H-4 HERCULES HISTORY
Howard Hughes began building the Spruce Goose or H4 Hercules as it was originally named in the early 1940’s. It was to be a large transport plane for the US military. Because of wartime restrictions on raw materials, Mr. Hughes was unable to use metals such as aluminum to construct the H4’s enormous structure. Instead he chose to build the giant plane out of wood.
H-4 HERCULES DESIGN AND BUILD
On November 2, 1947, Howard Hughes made history by flying the world's largest airplane, the mighty Hughes Flying Boat, more commonly known as the Spruce Goose.
Today, 65 years later, November 2, 2012 Aero Telemetry is pleased to introduce the next airplane in our Hughes Aircraft Company Trilogy…. The AMA legal (112 lbs), museum scale, 20 ft wingspan Spruce Goose.
Using experience gained from building and flying our original airplane for Martin Scorsese during the movie The Aviator, this new airplane is being meticulously designed with the most precise attention to detail.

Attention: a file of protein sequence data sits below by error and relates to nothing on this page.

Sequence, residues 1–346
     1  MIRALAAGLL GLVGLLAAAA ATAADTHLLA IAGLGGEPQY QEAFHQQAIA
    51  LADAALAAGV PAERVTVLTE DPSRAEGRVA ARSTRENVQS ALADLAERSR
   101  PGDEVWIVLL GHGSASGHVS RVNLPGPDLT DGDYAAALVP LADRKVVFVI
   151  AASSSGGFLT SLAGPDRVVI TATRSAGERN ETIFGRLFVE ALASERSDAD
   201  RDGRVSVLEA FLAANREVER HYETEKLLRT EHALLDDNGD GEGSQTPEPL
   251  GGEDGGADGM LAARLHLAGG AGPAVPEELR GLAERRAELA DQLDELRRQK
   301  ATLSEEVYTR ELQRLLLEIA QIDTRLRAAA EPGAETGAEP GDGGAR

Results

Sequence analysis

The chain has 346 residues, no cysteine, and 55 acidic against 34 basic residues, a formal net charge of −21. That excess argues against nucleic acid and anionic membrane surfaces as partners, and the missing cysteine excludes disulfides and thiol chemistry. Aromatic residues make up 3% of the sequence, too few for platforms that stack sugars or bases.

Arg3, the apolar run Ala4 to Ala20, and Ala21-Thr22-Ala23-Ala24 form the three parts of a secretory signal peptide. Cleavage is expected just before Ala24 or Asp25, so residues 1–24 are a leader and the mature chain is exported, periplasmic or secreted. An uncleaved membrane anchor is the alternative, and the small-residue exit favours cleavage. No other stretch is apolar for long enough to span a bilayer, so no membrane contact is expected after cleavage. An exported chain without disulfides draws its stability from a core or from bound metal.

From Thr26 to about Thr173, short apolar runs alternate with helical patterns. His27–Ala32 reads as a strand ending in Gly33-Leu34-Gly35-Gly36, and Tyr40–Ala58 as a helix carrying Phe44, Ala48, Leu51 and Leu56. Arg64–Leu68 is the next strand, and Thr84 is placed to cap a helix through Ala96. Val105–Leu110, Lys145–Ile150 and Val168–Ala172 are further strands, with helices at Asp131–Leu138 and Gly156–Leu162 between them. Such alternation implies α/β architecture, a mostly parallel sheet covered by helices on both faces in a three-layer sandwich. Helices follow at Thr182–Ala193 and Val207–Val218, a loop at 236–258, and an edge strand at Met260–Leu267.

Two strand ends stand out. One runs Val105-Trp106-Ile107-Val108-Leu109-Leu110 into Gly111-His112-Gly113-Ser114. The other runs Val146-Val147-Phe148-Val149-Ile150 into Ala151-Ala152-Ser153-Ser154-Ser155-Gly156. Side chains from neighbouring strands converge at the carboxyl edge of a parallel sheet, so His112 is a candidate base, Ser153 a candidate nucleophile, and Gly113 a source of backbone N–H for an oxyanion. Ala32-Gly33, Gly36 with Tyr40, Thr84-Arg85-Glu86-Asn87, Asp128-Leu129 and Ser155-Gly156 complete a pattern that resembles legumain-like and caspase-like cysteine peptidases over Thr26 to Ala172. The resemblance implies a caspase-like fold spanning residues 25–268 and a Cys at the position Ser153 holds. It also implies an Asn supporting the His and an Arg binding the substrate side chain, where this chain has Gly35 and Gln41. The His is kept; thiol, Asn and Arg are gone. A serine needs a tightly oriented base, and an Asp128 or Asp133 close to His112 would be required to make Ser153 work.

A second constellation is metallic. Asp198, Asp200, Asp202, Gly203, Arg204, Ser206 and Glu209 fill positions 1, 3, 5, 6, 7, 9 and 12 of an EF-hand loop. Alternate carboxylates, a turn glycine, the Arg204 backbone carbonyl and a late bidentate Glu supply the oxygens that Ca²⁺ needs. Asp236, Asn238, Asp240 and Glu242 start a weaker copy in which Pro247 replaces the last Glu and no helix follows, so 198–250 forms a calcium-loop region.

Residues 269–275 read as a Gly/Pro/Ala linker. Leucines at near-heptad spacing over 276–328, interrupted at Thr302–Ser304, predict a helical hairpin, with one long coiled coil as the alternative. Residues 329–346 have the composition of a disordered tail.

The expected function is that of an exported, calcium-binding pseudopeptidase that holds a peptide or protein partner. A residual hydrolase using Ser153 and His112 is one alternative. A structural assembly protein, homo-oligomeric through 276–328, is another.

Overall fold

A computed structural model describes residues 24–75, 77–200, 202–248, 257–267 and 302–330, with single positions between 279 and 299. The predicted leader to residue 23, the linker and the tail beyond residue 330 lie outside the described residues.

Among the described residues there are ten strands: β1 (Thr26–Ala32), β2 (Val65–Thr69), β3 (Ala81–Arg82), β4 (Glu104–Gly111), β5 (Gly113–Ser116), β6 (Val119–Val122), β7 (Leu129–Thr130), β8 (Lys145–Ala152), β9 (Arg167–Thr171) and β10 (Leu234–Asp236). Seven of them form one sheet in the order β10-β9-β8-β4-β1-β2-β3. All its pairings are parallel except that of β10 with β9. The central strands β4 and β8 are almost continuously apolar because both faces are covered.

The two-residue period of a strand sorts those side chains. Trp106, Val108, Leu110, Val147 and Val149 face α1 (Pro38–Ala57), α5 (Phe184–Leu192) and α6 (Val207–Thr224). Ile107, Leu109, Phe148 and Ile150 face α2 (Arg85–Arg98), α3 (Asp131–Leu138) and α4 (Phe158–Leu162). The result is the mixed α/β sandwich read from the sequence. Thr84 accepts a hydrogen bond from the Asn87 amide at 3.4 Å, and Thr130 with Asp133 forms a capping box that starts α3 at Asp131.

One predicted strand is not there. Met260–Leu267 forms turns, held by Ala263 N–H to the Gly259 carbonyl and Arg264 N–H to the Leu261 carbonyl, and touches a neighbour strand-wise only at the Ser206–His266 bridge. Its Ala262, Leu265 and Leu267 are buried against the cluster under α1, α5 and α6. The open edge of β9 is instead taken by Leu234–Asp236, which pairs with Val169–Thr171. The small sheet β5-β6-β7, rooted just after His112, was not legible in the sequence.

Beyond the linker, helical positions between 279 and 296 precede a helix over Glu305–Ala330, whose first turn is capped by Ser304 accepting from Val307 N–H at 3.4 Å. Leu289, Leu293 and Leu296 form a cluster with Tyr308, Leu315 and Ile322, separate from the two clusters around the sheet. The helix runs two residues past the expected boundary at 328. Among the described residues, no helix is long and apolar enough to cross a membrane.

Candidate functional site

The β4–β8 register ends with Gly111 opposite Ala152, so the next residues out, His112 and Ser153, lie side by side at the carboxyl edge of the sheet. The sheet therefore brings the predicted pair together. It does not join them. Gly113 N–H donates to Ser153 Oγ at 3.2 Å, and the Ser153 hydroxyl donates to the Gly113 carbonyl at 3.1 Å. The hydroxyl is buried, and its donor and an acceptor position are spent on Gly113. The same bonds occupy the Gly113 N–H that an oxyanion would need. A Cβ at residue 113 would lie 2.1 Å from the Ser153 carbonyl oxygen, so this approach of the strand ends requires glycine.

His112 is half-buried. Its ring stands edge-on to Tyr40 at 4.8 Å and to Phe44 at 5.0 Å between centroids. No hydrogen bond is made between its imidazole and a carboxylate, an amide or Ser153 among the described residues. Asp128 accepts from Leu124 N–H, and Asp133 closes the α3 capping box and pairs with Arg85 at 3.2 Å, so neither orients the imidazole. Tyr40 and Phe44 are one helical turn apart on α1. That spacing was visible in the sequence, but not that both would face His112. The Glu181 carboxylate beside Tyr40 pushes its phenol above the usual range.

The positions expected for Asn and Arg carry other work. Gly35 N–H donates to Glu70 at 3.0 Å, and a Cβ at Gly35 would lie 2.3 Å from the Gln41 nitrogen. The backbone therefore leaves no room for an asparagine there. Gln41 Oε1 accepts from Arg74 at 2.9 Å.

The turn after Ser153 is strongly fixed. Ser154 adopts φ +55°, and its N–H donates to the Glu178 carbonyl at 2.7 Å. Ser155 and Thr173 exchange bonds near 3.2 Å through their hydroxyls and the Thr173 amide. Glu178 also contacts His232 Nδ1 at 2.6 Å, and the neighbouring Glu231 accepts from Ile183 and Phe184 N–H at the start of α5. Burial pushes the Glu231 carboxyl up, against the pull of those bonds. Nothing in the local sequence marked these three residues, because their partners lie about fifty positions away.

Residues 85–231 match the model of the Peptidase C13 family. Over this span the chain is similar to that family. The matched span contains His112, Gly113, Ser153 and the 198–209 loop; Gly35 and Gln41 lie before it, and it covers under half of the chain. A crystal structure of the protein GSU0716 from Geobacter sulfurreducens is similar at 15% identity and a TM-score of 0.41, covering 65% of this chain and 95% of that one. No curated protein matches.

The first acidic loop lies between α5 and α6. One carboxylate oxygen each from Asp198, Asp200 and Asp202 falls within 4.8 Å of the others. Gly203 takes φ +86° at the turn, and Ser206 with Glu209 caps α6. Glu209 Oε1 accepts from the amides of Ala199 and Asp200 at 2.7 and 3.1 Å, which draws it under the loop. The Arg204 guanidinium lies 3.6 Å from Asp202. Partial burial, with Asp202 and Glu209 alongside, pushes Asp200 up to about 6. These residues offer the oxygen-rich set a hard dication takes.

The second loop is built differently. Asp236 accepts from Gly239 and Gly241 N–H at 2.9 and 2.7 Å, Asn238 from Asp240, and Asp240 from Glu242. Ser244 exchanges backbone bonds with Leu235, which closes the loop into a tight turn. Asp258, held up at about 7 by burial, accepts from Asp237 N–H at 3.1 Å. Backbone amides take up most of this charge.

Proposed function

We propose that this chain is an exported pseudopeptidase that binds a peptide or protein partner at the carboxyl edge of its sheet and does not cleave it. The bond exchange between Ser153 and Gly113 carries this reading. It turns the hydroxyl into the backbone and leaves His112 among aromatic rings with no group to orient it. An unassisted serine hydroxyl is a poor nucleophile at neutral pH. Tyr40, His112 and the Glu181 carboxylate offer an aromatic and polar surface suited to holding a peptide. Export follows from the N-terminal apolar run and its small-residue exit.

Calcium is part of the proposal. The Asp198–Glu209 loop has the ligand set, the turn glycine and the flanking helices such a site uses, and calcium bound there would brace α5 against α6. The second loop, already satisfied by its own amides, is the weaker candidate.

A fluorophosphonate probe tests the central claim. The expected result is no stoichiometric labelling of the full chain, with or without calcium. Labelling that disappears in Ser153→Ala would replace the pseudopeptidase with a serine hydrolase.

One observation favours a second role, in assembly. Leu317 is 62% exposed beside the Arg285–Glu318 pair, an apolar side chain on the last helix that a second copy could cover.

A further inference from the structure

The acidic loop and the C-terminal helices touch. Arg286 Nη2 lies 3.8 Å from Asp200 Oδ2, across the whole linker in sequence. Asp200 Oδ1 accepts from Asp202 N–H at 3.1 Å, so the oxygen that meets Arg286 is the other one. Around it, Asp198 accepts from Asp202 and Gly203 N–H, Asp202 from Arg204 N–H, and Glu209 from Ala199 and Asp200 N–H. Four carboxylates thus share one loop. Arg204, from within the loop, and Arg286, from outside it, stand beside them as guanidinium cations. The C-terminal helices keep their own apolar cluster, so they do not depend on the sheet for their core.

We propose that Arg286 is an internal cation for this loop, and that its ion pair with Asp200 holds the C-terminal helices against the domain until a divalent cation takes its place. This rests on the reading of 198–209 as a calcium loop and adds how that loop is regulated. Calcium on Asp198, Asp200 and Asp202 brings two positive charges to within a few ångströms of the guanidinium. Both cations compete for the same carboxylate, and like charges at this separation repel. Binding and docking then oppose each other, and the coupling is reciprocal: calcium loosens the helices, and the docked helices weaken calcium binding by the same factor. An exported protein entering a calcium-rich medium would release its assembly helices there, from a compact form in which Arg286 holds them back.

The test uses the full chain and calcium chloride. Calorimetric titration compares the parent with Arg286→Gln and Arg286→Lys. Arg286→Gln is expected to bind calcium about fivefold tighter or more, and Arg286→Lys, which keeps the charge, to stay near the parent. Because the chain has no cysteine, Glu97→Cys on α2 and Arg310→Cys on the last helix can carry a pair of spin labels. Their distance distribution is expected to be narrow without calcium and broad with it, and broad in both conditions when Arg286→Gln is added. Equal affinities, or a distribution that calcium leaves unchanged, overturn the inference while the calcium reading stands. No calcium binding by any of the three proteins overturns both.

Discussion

Working with The Western Museum of flight and several ex-Hughes Aircraft employees, Joe Bock and his team of Aviators were given access to "never before seen" photographs and original Hughes Aircraft Company Flying Boat blueprints and documents detailing the technical intricacies of the complex and graceful Hughes Flying Boat. Joe and his team have turned this information into one of the most graceful and beautifully detailed model airplanes ever built.
Aero Telemetry and Joe Bock have created the world's largest flyable, most historically accurate and detailed scale model of the Spruce Goose…again.
And so begins the life of the Aero Telemetry Flying Boat.
H-4 HERCULES BUG EXPO
Displayed at Academy of Model Aeronautics Expo in January 2013.